(CBS)- If you watched a Michigan State game over the last two years, you likely heard the name Xavier Tillman quite a bit throughout the broadcast. The 6'8" 245-pound forward routinely stuffed the stat sheet for the Spartans. He also did plenty of things that don't show up in the box score, like setting hard screens, making the defensive rotation just ahead of the ball, anticipating where it's going next.
Playing against him is likely exhausting. Tillman prides himself on that hard work, the gritty areas of the game that others may do, but with no particular joy in the task. That playing style was instilled in him early by his mother, Tanya Powell-May.
"I've always played hard. That was something my mom kind of instilled in the early. You have to give it your all every time. I had that from an early age, playing hard. But then, the whole outwork, rather than out-skill somebody I learned that my freshman year at Michigan State, playing with guys like Jarren (Jackson), Miles (Bridges), Cassius (Winston), Nick (Ward), Josh Langford playing with guys like that," said Tillman in an interview with CBS Local's Ryan Mayer. "It was like, it will skill-wise, I'm not even close to you guys yet."
"But I needed to make an impact in practice. The way I'm designed, the way I'm cut is that I got to impact the game somehow," continued Tillman. "Whether that's just setting a great screen and getting somebody open, or checking the best guy offensively or even just making the extra pass to guys who are open."
The freshman-year battles further drove home the lessons taught early by Powell-May, the person Tillman credits with getting him involved in the game. A college hoops star in her own right, Powell-May was a four-year letter winner at the University of Michigan from 1986-1990, and by the time her career was done, she finished as the school's all-time leading rebounder. Tillman credits his mom for nurturing his love of the game while at the same time not pushing him towards it, allowing him to gravitate to it on his own.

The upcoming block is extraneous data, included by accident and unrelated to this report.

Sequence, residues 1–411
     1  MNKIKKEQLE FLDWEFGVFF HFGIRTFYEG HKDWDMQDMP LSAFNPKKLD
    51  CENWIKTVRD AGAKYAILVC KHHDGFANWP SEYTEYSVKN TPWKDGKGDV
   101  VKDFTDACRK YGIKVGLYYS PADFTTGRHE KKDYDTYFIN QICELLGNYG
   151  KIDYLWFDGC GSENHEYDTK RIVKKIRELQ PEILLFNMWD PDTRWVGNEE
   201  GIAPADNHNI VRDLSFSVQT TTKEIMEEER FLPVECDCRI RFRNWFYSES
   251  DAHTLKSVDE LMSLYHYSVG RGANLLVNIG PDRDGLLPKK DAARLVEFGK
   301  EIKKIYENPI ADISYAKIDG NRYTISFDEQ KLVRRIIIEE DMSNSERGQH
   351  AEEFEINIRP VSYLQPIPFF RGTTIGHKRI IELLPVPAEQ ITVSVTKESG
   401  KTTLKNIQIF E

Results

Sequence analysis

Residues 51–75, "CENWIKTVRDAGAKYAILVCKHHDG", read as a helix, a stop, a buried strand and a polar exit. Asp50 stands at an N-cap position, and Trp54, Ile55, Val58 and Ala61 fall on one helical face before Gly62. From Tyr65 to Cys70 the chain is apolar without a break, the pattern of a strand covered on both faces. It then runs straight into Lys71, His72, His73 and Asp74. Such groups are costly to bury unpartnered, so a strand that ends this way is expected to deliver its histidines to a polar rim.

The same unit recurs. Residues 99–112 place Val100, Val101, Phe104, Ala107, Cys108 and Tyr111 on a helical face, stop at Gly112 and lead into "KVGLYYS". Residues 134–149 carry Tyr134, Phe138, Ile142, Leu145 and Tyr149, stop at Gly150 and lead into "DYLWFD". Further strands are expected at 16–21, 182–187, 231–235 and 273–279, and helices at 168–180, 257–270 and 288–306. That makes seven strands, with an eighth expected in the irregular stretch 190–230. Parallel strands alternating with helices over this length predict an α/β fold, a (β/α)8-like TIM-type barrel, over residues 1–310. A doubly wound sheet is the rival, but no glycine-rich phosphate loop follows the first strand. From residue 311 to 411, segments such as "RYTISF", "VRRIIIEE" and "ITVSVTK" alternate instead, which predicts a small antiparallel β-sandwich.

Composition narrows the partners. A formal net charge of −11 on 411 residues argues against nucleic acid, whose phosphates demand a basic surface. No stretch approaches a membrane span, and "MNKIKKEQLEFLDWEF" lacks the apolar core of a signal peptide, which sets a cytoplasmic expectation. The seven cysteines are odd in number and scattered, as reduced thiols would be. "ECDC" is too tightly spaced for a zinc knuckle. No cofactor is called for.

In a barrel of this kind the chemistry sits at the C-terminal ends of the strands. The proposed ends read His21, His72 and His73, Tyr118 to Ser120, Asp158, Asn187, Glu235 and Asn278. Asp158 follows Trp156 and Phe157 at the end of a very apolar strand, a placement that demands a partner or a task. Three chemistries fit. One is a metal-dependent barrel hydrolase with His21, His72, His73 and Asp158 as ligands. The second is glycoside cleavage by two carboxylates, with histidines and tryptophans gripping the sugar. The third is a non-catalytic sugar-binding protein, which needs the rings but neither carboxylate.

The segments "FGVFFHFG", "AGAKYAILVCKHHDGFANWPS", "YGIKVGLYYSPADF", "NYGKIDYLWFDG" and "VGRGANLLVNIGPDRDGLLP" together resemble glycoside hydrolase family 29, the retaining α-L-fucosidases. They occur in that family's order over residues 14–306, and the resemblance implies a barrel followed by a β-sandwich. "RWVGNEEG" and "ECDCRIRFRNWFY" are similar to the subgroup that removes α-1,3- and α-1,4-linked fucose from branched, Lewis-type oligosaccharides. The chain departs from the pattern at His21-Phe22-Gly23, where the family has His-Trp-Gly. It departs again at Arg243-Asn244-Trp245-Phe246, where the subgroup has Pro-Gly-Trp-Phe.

After a successful high school career at Grand Rapids Christian, he committed to Michigan State after originally wanting to go to Marquette. He says the comfort level he had with the East Lansing campus, the coaches and the ability to have his young family with him, his now wife Tamia and their daughter Ayanna, were the key factors in going to MSU.
After a freshman season of finding his role on a Spartans team stacked with two NBA lottery picks in the front court, Tillman broke out in his sophomore year, playing in all 39 games and starting the final 13 as the Spartans made a run to the Final Four.
As a junior, Tillman finished the 2019-20 season averaging a double-double and earning second team All-Big Ten honors in helping lead the Spartans to a likely NCAA Tournament appearance before the season shut down due to the coronavirus pandemic. He announced his intention to leave for the NBA Draft in March and then reaffirmed that decision in August amid the uncertainty of the pandemic.
While his Spartans career ended short of the ultimate goal, Tillman has kept a positive outlook on things amid the uncertainty that the pandemic has introduced to the draft process. The 21-year-old earned his degree from MSU this summer and, at the same time, has continued to juggle the responsibilities of being a father to his two children, three-year-old Ayanna and now six-month old Xavier Jr., and training for the draft.
"It's going good. We've been able to find a balance and kind of find a routine to where I can get my workouts in, and my wife can handle her school stuff, and my daughter's doing home school now, and I'm her teacher now," said Tillman. "We're finding our little niche right here of getting used to operating the way we want to and stuff like that. So it's been going pretty well."
While homeschooling is a new experience, one that parents across the country are finding both rewarding and frustrating, Tillman has enjoyed having the time to be home with his family. He's kept an optimistic outlook on the Draft process, despite the date now having been pushed back twice.
"It's been interesting. Kind of disappointing that it kept moving back. But at the same time, my excitement for getting to play where I always want to play, in the NBA, kind of keeps me alive," said Tillman. "Because I know at some point, they're going to have to stop pushing the day back. Having that kind of mindset, that kind of optimistic mindset where you know the time is going to come, just keep doing what you're doing is pretty good to have."